On Friday December 9th, the South Korean 300-member National Assembly voted 234-56 in favor of the motion to impeach President Park Geun-hye. This decision comes after weeks of unprecedented protests in Seoul, sparked by reports of Park’s wide-ranging misuse of power. South Korea’s Constitutional Court is expected to soon ratify the vote, thus securing her impeachment. The next leader of South Korea will be in a position to redirect the country’s political agenda, with Korean relationships toward the United States and China at the forefront. The implementation of the American-made Terminal High Altitude Aerial Defense [THAAD] system, designed to intercept and destroy incoming ballistic missiles upon radar detection, is a multifaceted issue integral to this trilateral relationship.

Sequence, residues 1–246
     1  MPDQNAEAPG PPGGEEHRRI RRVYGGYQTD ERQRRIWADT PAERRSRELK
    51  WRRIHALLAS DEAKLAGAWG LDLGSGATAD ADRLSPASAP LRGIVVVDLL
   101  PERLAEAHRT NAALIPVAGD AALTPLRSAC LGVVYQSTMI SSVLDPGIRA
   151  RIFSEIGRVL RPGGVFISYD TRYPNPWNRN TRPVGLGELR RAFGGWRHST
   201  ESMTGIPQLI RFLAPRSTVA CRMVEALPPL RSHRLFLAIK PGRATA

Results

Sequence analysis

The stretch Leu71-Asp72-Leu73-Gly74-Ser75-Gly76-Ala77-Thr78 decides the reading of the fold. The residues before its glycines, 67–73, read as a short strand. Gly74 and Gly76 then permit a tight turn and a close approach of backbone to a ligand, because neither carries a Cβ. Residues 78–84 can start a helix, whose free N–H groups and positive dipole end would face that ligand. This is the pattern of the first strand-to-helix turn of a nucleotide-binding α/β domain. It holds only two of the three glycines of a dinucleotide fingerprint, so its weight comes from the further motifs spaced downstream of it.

If the court supports the impeachment, Park will be formally removed from office, and a presidential election must be held within 60 days to elect a successor for a full five-year term. If fewer than six judges vote in support of the impeachment, Park is immediately reinstated and permitted to complete her five-year term through February 2018. Despite Park appointing six of the nine judges, the court is expected to vote in favor of her impeachment given the severity of the charges. There is strong speculation that United Nations Secretary-General, Ban Ki-moon, will run as a nominee for Park’s conservative Saenuri Party; however, Park’s corruption and pending impeachment will almost guarantee a landslide victory for the main liberal opposition party, the Democratic Party of Korea’s (DPK) frontrunner, Moon Jae-in, in the ensuing election.